 Appointment Reminders and other Alerts from
 Personal Healthcare and doctors to patients  with special focus on affordable
Health Information  Continuous Activity Monitoring with mobile technologies for 3rd world
Management device, Detection of unusual patterns, and  Developing Toolkits
“Reality Mining” of data
 Phones as Tools  Heart/Oxygen/Glucose monitoring
 enable people (e.g., academics)
to develop their own applications
 Personal Medical and Wellness Diary and
Luis F. G. Sarmenta Mobiletool
Calculation Phone Applications for Health  with special focus on immediate
usability in 3rd world
13-14 July 2007 
Innovations
Phones as tools to in International
connect Health
and coordinate
health workers
Idea:
Baby “Mobile Blog”
 For patients (parents)
 Mobile blog for baby (with both personal and medical use)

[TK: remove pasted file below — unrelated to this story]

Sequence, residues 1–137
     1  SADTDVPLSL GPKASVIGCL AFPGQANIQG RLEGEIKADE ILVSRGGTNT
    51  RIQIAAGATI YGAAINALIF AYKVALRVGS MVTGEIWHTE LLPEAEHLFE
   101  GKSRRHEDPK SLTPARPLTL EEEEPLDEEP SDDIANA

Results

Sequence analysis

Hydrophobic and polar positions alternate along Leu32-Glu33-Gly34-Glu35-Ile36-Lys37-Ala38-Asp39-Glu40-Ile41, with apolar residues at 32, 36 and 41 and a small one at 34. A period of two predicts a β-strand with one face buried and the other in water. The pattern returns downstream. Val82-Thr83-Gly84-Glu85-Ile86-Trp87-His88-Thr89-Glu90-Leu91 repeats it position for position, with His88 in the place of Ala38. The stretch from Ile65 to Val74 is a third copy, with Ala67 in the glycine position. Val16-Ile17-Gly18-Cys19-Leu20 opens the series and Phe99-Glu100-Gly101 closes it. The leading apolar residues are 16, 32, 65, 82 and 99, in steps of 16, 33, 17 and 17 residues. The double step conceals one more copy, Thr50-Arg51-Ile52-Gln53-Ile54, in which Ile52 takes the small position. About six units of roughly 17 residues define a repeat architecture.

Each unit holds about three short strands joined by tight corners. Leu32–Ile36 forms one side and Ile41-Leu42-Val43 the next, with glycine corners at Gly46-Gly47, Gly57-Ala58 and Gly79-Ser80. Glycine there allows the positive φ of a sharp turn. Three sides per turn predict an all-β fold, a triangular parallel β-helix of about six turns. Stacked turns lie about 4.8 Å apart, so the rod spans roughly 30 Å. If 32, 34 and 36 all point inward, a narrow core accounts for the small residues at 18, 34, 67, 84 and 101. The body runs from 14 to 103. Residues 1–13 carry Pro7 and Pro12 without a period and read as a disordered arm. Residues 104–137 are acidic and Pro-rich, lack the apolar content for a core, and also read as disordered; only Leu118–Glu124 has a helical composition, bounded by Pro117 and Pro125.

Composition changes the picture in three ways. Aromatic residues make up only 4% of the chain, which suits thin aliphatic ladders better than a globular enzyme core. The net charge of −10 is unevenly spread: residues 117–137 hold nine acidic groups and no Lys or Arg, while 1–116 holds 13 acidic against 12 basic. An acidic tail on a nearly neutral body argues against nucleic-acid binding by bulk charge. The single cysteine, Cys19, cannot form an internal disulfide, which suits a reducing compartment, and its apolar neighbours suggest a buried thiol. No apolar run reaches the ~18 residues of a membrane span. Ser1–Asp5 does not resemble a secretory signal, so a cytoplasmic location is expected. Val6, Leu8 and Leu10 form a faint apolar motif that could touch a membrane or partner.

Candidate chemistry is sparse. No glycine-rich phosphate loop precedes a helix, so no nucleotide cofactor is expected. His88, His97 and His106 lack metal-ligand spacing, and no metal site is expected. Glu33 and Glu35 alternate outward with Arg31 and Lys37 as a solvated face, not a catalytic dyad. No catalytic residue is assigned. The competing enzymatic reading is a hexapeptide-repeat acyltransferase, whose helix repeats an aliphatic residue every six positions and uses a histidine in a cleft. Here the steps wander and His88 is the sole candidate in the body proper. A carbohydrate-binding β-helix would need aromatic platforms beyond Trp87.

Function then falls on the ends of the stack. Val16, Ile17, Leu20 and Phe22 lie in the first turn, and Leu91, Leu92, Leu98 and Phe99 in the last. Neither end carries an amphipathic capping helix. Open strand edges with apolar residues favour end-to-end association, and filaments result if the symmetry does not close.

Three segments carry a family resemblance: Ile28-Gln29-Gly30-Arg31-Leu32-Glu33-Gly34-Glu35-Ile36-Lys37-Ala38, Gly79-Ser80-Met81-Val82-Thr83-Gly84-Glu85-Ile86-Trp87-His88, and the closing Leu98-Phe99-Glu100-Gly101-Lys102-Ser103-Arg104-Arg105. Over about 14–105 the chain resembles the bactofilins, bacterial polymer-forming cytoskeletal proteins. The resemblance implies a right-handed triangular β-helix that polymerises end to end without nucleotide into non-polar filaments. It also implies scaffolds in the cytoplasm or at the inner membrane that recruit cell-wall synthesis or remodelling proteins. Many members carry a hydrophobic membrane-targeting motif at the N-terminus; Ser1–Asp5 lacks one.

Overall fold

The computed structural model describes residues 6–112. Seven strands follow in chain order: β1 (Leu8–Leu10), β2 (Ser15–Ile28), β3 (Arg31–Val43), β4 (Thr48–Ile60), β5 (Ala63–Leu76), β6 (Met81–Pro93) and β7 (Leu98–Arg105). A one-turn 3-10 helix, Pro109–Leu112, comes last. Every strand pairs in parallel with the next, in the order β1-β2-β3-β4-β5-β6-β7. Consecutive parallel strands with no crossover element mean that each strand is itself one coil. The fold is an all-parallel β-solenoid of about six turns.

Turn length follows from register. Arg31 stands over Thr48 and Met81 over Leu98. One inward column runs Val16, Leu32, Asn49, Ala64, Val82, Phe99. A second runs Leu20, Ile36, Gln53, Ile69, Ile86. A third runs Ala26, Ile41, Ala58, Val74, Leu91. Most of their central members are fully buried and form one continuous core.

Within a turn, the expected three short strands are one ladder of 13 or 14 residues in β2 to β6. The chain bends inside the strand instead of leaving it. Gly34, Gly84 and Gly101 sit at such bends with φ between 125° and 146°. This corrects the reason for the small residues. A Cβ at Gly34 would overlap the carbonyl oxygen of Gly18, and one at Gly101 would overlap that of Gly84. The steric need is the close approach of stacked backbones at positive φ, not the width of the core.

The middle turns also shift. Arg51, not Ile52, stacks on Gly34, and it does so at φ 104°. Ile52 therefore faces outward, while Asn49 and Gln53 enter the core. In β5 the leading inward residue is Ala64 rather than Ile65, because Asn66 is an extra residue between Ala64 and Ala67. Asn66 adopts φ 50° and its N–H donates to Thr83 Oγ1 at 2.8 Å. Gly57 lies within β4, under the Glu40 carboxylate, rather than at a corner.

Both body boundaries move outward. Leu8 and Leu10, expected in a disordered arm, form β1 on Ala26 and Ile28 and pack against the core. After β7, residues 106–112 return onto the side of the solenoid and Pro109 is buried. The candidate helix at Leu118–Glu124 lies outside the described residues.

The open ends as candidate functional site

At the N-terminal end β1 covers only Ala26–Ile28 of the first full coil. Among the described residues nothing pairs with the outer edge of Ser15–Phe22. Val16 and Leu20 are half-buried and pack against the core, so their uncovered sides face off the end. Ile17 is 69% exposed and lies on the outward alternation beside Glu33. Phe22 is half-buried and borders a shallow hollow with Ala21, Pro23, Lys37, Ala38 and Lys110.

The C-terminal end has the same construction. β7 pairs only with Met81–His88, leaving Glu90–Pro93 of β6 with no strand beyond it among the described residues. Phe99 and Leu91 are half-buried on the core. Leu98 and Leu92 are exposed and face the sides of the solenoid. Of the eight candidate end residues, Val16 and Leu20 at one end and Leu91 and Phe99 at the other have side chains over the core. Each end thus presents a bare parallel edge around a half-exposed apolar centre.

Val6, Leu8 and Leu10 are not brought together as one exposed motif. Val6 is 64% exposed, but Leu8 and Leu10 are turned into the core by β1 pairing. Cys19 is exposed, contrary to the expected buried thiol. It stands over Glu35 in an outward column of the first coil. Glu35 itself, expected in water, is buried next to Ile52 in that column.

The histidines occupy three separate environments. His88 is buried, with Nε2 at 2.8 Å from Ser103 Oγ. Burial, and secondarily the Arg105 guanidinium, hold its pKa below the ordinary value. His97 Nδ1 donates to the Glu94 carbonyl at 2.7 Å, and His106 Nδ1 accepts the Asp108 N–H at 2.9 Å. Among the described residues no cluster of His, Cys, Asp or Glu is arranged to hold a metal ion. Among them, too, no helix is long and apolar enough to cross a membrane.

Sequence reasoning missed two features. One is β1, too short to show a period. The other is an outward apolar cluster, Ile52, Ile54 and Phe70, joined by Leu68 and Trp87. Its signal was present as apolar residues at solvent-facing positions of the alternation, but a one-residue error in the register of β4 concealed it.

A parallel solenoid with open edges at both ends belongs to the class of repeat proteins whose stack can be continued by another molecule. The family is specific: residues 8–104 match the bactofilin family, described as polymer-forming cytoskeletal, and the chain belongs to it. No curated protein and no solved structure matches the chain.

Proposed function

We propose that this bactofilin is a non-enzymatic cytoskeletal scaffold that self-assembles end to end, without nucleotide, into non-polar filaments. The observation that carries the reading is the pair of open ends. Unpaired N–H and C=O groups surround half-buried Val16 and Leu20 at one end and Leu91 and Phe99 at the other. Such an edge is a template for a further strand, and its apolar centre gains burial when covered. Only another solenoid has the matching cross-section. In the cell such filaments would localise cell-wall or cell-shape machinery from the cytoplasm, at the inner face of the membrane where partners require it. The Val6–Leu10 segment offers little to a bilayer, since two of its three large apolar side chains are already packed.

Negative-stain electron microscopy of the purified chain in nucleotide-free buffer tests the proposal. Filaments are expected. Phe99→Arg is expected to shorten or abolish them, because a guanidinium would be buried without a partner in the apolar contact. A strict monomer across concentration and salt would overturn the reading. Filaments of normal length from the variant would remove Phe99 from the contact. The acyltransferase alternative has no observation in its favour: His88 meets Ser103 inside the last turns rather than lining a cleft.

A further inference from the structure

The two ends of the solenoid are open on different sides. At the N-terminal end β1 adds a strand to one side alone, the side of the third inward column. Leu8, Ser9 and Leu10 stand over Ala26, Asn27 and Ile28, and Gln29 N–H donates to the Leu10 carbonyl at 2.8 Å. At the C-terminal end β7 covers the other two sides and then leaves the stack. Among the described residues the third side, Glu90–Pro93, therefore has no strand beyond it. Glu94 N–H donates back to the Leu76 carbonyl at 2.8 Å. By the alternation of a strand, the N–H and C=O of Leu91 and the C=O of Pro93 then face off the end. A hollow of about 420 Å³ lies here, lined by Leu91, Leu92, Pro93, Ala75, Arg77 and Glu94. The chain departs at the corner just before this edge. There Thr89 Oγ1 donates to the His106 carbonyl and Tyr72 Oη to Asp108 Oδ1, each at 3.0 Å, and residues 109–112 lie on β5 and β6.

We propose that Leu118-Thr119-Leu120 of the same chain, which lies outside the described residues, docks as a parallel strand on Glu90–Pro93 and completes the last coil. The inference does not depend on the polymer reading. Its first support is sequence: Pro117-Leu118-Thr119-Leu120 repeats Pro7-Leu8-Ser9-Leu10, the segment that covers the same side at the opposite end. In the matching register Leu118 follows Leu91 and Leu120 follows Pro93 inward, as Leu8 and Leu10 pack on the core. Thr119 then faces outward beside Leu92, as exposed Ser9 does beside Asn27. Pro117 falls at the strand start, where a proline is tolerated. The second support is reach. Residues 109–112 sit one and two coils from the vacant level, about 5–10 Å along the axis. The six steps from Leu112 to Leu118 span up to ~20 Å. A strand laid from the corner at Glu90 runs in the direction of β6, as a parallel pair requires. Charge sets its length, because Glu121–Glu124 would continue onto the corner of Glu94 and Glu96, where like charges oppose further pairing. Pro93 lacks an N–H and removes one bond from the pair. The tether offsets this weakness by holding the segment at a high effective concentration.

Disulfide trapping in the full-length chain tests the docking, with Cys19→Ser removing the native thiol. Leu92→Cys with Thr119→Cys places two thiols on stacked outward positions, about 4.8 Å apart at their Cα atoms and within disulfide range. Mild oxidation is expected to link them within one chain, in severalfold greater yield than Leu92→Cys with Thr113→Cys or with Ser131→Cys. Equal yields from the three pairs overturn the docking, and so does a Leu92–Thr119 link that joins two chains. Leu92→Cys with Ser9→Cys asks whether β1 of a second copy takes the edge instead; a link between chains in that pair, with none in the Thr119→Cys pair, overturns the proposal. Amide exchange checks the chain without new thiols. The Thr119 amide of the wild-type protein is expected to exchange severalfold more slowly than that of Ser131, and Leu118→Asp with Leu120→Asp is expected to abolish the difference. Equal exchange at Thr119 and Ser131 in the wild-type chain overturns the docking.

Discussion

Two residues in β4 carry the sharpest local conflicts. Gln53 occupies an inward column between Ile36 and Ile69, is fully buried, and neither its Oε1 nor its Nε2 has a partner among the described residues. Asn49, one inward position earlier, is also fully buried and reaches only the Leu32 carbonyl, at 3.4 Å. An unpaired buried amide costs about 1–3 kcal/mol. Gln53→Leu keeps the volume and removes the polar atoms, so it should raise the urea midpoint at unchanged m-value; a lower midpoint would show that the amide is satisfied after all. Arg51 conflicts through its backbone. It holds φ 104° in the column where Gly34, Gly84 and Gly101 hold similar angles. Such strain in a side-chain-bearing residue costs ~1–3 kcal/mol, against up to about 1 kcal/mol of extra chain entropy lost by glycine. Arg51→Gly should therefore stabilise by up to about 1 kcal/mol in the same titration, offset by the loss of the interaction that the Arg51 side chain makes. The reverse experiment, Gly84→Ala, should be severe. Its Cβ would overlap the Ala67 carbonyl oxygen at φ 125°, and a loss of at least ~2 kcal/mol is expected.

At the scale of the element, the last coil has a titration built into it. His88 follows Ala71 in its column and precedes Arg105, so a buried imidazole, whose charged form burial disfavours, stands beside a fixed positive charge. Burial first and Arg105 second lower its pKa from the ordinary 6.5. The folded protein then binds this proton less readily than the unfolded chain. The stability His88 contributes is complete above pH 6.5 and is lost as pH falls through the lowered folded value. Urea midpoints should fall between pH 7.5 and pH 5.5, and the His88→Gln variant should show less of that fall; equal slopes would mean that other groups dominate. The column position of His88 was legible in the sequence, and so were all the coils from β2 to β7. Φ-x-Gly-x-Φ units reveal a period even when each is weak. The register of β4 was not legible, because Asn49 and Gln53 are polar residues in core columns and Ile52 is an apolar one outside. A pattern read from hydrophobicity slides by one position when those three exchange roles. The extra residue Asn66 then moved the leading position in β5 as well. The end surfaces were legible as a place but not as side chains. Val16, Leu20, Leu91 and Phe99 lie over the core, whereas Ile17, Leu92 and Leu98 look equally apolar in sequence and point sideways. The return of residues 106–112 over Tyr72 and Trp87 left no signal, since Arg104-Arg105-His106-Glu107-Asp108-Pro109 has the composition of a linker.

 records medical info, e.g., length, weight, vaccinations, prescriptions, developmental
milestones, etc.
 records personal info, e.g., pictures, videos, personal milestones, etc.
 access to useful parenting and baby health informational articles
 For doctors / health care workers / pharmacists
 help calculate growth chart percentiles
 help calculate and record prescriptions (and diagnoses)
 help record baby development, vaccinations, etc.
 help report disease prevalence to central authorities
 For both
 Value of knowing all these things are recorded and conveniently recorded

vs. writing them down in a paper “baby book” that can get lost
 More accurate calculations and information
 More accurate and convenient prescription system
 For researchers and health authorities
 Gather stats of baby heights and weights across the country immediately